2Pour the hot water into the flour and egg mixture all at once. Immediately start stirring. It won't look like it’s coming together, but keep stirring until it comes together into a somewhat lumpy dough. Cover with a damp tea towel or loosely cover with plastic wrap and let it rest for at least 15 minutes, preferably 30. 

3To make your perogies, roll the dough out about 1/4-inch thin and cut into rounds with a glass rim or round cookie cutter – or not. Cheryl rolls her dough into a long rope, cuts off 1 inch sections and then rolls each ball into a rough circle, thus not wasting any dough nor needing to reroll scraps, which can make dough tough. However you do it, fill each with a small spoonful of filling - mashed potatoes spiked with cheddar or cottage cheese, cooked bacon, or even leftover chicken and gravy - and fold over, pinching the edges to seal. Freeze in a single layer, then transfer to freezer bags, or cook (fresh or frozen) in boiling water until they float to the surface, then give them another minute. If you like, pan-fry with onions and bacon after they’re boiled and well-drained.


About Julie

You May Also Like

16 comments on “Nettie’s Perogies

  1. Carpe Crustum
    May 29, 2016 at 9:47 pm

    Great article! The most delicious Ukranian perogies are stuffed with fresh sour cherries (preferably pitted) and a sprinkle of sugar.

    • Julie
      May 30, 2016 at 1:57 pm

      Oh yes! Sour cherry perogies.. Yum.

  2. Laura
    May 29, 2016 at 10:15 pm

    I favour a combination of cheeses with a wee bit of bacon, but I’ve rarely had a perogie that I didn’t like 🙂 When I make them, I use a recipe that I was given at a cooking class, because no one has my own grandmother’s recipe anymore. Even if I’m adding sour cream to the dough when she didn’t , all the good memories of making perogies with her and my own mom are still there! I’m totally going to try some of the tips here the next time I make a batch – rolling out the little circles just makes sense, and I’ve never thought to freeze them!

  3. Lesley
    May 30, 2016 at 7:54 am

    We made perogies for a grad fundraiser back in 1997 at Shevchenko School in Vita, MB, and I think the grade 12s still sell homemade perogies!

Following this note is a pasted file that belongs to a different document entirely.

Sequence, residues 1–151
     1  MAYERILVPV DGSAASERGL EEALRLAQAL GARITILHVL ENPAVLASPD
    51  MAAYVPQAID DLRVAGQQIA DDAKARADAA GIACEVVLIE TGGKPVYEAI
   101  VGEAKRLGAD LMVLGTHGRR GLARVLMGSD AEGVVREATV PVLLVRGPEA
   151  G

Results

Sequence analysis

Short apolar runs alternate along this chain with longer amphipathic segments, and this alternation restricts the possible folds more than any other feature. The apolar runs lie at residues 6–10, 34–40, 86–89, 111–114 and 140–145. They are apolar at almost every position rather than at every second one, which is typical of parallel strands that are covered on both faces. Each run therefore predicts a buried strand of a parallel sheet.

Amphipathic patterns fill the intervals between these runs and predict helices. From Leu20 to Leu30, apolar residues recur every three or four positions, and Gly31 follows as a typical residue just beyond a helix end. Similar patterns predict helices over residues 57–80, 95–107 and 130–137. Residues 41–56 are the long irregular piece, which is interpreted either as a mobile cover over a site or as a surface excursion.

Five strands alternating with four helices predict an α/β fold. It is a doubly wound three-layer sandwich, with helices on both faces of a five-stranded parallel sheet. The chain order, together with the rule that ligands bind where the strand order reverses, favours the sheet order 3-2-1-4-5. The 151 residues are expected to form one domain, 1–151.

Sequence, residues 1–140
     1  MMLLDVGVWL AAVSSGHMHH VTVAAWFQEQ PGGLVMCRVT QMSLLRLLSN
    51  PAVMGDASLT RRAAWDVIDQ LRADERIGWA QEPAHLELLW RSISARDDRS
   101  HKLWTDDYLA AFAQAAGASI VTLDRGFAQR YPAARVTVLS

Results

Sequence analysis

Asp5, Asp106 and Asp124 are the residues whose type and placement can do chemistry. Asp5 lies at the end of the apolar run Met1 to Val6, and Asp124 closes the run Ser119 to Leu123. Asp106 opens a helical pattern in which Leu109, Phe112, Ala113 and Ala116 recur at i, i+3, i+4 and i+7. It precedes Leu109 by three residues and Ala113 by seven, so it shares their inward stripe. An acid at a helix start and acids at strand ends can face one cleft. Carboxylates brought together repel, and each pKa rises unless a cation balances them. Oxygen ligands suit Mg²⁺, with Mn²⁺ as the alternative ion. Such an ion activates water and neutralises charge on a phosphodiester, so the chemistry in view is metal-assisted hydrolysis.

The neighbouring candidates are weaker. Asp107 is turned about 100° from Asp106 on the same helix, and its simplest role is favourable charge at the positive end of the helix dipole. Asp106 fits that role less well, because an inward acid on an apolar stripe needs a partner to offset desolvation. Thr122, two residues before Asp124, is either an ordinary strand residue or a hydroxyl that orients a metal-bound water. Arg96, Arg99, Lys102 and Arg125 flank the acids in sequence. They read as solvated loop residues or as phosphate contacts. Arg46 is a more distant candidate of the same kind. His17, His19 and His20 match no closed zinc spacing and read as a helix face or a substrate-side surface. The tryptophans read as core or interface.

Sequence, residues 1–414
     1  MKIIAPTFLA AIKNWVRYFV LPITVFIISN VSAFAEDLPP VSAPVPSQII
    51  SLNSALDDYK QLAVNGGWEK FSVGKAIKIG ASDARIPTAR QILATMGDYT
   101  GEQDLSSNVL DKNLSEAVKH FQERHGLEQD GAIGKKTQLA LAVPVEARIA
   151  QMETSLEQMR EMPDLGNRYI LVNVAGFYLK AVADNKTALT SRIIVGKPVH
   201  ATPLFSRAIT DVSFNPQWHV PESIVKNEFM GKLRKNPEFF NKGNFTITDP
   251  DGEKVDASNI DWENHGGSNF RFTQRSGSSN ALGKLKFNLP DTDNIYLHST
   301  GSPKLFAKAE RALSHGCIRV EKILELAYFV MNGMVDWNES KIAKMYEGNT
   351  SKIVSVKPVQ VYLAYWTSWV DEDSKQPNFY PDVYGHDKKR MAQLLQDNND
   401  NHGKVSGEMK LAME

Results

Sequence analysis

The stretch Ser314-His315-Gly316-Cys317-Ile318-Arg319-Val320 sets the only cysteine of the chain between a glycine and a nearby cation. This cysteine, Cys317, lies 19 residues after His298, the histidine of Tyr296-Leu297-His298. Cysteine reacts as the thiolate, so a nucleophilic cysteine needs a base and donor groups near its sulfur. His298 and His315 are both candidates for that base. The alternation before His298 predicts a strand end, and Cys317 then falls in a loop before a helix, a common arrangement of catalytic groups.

4. Sue D
    May 30, 2016 at 9:56 pm

    Oh MAN! I’m so going to have a perogy dinner party.

  5. Jules @ WolfItDown
    May 31, 2016 at 3:22 pm

    I love traditions! Whether it’d be my own family’s or other’s. From across the seas, og the neighbouring countries, and it is so much fun making new dishes! One of my quick favourites might be Algerian “Silk” which is a lovely brothy mix with spinach and potatoes. I have been wanting ti make perogies for some time too though! Cheese, potato and caramelized onions sound like a great combination for us herbivores 😀 Thanks for the inspiration! x

  6. Vivian
    May 31, 2016 at 7:52 pm

    Yes, Carpe Crustum…nice idea to PIT the cherries…otherwise a nasty surprise, no? Kinda like crunchy tapenade…yikes!

    Perogies…little dough pockets…by lots of other names are a staple of world-wide cuisine and often I thought that a food truck offering “Perogies of the World” might be kind of fun. I like to fill mine with a taco mixture, maybe a kimchi offering, maybe mango chutney and lamb. The combos are endless (but they would need to be crispy-fried!) That’s the best. So, guys out there with the verve…make it happen!

  7. Thomay
    October 10, 2016 at 8:01 am

    Making the “left over” periogies as we speak! What a creative way to mingle cultures and traditions! I placed left overs (turkey, ham, stuffing, roasted potatoes and a little gravey) in a food processor and pulsed to bring all the yummy ingredients together. Just letting the dough rest and the assembly line will begin.

    • Julie
      October 10, 2016 at 12:29 pm

      Hearing this makes me so happy! 🙂

Leave a Reply

Your email address will not be published.